Food crisis and export taxation: The cost of noncooperative trade policies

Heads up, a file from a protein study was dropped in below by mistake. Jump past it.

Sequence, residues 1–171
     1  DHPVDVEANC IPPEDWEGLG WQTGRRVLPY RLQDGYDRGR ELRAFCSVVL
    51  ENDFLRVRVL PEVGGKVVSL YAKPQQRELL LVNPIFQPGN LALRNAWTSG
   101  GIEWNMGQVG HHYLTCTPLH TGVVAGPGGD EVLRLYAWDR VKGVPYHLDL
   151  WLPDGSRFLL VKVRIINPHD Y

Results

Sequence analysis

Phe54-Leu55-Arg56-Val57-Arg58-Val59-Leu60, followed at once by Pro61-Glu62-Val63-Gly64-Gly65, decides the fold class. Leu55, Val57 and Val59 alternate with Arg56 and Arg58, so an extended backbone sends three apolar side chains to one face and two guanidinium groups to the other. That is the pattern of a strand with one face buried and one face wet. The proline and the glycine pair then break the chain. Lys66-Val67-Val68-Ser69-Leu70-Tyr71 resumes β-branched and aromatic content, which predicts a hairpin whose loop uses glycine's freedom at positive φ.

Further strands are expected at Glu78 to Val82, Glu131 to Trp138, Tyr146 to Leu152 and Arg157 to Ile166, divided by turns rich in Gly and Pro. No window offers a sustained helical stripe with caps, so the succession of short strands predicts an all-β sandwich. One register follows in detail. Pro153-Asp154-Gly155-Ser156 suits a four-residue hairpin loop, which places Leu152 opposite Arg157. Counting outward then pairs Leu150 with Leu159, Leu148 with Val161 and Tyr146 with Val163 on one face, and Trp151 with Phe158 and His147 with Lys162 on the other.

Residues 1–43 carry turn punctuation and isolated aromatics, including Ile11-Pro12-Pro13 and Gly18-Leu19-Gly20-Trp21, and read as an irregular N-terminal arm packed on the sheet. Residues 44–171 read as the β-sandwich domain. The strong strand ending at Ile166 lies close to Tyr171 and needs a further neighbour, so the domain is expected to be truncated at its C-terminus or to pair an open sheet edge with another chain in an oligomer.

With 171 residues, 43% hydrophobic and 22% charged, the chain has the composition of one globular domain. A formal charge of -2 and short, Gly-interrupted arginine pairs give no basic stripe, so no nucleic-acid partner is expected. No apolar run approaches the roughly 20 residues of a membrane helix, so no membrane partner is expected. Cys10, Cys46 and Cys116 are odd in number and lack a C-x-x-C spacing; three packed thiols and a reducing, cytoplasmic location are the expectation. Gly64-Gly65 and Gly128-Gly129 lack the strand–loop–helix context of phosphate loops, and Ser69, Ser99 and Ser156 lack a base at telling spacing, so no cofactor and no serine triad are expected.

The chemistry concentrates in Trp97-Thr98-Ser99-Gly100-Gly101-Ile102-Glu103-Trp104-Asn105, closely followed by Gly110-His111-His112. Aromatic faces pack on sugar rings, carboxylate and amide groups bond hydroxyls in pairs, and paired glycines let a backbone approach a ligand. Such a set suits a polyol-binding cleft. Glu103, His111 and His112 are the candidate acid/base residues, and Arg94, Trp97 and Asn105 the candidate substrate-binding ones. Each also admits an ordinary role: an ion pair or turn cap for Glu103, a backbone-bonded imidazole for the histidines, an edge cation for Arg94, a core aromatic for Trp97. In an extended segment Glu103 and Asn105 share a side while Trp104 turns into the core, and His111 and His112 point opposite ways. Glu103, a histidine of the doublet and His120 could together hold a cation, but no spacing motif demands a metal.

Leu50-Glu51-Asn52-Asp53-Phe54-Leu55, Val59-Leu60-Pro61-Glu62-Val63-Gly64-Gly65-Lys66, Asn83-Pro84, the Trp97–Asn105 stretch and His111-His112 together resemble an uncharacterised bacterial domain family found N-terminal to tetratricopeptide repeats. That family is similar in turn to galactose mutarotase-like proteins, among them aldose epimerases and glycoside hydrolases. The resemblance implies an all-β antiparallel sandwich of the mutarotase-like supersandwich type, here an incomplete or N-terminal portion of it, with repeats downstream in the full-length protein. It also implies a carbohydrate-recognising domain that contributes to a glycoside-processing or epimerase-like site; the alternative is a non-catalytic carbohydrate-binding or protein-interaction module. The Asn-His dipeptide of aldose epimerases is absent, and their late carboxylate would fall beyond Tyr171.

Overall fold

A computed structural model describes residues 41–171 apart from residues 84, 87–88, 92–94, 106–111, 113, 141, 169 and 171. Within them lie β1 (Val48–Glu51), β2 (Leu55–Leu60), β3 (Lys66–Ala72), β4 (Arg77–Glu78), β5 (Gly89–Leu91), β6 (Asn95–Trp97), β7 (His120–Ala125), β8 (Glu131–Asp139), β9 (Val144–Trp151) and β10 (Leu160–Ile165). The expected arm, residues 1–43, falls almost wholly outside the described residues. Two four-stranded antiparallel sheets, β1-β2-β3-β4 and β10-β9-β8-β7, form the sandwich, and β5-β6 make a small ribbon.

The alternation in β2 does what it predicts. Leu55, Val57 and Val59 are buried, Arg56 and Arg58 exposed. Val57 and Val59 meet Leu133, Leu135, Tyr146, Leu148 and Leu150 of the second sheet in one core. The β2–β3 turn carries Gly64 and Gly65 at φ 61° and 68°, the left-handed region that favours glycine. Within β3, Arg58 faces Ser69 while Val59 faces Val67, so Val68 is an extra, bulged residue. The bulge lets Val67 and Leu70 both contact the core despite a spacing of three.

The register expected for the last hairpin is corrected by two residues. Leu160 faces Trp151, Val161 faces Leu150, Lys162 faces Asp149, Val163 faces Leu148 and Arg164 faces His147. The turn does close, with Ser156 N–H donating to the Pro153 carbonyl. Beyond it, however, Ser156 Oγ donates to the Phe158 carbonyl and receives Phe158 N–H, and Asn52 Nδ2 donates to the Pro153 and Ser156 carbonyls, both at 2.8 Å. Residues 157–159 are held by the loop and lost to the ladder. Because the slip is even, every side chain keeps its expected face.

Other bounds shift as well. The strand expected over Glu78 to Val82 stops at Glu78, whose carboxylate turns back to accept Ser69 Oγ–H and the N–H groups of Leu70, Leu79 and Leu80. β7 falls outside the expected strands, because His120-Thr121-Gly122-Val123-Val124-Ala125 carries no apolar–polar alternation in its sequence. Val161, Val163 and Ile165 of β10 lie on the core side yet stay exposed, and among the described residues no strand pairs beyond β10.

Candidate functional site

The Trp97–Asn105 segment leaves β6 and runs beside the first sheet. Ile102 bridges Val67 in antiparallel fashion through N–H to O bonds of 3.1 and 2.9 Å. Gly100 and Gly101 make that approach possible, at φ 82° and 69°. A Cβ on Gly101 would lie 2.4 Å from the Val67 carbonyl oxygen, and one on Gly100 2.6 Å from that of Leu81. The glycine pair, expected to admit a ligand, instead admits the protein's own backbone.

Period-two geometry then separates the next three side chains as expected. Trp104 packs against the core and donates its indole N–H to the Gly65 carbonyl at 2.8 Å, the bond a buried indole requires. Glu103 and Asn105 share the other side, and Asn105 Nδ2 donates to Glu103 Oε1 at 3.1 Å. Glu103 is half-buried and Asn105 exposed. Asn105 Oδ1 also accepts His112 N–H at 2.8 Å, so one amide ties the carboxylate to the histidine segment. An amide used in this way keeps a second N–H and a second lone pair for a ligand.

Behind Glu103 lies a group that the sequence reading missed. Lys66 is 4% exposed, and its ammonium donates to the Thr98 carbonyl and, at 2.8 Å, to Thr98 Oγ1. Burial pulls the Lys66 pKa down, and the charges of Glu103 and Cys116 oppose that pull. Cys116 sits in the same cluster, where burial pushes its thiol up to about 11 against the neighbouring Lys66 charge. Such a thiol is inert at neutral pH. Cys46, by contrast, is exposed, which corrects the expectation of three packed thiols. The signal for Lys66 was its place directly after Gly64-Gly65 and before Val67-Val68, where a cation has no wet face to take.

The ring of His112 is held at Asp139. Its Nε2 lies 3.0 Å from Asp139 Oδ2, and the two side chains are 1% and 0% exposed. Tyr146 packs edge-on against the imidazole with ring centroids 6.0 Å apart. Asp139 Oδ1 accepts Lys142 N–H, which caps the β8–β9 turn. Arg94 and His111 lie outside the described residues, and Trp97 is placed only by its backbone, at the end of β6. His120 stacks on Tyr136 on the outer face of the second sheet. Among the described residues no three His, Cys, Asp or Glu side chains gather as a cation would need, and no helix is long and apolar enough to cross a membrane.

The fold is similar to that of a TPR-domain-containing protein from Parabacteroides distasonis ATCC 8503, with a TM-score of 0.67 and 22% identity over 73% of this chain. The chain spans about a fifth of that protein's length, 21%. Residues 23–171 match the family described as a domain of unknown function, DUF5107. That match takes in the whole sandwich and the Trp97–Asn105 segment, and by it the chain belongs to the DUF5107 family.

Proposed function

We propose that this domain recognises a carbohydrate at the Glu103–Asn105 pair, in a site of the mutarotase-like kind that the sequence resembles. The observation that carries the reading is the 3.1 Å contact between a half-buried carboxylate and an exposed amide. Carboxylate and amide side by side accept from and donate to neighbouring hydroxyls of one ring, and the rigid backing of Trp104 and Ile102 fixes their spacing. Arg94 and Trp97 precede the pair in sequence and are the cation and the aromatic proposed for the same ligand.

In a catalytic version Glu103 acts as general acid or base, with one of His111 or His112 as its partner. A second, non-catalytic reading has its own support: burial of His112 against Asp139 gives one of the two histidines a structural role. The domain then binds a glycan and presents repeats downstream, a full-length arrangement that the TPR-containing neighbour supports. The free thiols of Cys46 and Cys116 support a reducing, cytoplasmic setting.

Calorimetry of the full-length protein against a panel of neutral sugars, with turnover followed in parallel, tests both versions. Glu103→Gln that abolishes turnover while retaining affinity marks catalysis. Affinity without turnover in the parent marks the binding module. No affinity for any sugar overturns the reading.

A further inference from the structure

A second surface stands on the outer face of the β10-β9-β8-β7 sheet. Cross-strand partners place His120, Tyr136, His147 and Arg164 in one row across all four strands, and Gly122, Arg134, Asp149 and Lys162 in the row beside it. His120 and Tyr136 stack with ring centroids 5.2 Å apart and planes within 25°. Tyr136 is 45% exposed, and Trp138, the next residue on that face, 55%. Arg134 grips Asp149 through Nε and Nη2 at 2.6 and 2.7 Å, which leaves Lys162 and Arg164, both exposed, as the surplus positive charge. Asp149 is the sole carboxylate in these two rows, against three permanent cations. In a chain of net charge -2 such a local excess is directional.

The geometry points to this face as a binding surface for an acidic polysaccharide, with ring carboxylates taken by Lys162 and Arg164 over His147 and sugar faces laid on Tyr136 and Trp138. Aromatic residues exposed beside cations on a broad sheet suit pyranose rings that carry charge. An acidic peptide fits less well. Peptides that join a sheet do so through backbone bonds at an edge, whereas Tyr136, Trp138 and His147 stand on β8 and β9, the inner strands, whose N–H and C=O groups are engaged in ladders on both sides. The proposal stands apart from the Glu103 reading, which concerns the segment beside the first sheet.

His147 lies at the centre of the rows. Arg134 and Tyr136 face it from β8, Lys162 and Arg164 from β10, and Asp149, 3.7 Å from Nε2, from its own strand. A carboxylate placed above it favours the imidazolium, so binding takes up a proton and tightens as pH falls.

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Export restrictions are trade measures that are permanently adopted by countries throughout the world.1 Piermartini (2004) noted that approximately one-third of World Trade Organization (WTO) members impose export duties. Examples are export taxes implemented by Indonesia on palm oil, by Madagascar on vanilla, coffee, pepper, and cloves, by Pakistan on raw cotton, by the Philippines on copra and coconut oil, by Indonesia on palm oil, and by the European Union on wheat (Bouët and Laborde 2010; OECD 2010). What are the effects of such policy measures? And why do governments restrict exports in times of food crisis?
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